Idiopathic hypersomnia, or excessive daytime sleepiness without a clear cause, is a condition that may have symptoms that overlap with narcolepsy, and it’s diagnosed in the same way. Both conditions impact over 3 million people worldwide. Idiopathic hypersomnia is also a chronic neurological disorder defined by the unsatisfiable need to sleep despite a full night of rest in the absence of another sleep disorder.

Advances in Treatment 

While there is no cure for narcolepsy, new medications are being developed. But more research is required to develop effective treatments that may greatly improve the quality of life for those affected by the disorder, and World Narcolepsy Day aims to help push that research along. 

Currently, available treatment options include stimulant medications to help improve sleepiness and antidepressants to potentially suppress REM sleep and improve cataplexy. Sodium oxybate, or Xyrem, is approved by the FDA to treat both sleepiness and cataplexy.

Lifestyle changes such as scheduled naps or modification of caffeine and alcohol consumption may also help. Work accommodation and modifications may be required to ensure optimal job performance.

If left undiagnosed or untreated, narcolepsy can greatly impact academics, work, and social life due to its unrelenting influence on social, cognitive, and psychological function and development.

How to Support People With Narcolepsy

Join the World Narcolepsy Day celebration online and within your community! Check out what Project Sleep and the other organizations are doing by accessing more information on their website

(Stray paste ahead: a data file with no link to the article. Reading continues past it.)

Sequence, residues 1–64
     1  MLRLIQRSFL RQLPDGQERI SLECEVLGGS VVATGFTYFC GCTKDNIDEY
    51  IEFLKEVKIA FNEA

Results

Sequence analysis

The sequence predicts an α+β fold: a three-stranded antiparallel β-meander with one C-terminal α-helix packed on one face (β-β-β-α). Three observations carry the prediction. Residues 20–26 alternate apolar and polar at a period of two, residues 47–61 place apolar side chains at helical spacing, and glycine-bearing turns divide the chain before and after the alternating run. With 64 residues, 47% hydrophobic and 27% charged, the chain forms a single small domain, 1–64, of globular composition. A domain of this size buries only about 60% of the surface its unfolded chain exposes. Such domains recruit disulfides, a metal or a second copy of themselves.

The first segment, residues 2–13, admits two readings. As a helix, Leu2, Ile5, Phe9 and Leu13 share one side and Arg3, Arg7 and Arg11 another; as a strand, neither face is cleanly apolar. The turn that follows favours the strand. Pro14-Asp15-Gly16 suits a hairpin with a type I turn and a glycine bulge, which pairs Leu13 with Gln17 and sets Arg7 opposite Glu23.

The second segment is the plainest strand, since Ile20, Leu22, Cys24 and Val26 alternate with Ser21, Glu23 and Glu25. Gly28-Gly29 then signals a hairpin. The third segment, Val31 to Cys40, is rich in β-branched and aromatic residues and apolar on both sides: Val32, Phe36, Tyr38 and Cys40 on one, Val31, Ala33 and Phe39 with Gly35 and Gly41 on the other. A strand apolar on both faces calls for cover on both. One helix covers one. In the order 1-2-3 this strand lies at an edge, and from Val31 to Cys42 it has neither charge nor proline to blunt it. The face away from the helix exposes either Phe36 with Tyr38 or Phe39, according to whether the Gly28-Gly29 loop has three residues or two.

Flygare suggests that individuals and local communities also host grassroot celebrations in their area, and encourage the powerful use of social media. "All stakeholders are encouraged to take part and raise their voices on social media using the hashtag #WorldNarcolepsyDay,” she says.

Consider seeking further involvement through the Narcolepsy Network.

If you have symptoms of excessive daytime sleepiness, you may also consider taking this day to finally arrange an evaluation by a board-certified sleep physician or neurologist. Testing can be arranged, and you may ultimately find an answer that may help you to relieve unrelenting sleepiness and live the life of your dreams.

Verywell Health uses only high-quality sources, including peer-reviewed studies, to support the facts within our articles. Read our editorial process to learn more about how we fact-check and keep our content accurate, reliable, and trustworthy.

By Brandon Peters, MD
Brandon Peters, MD, is a board-certified neurologist and sleep medicine specialist.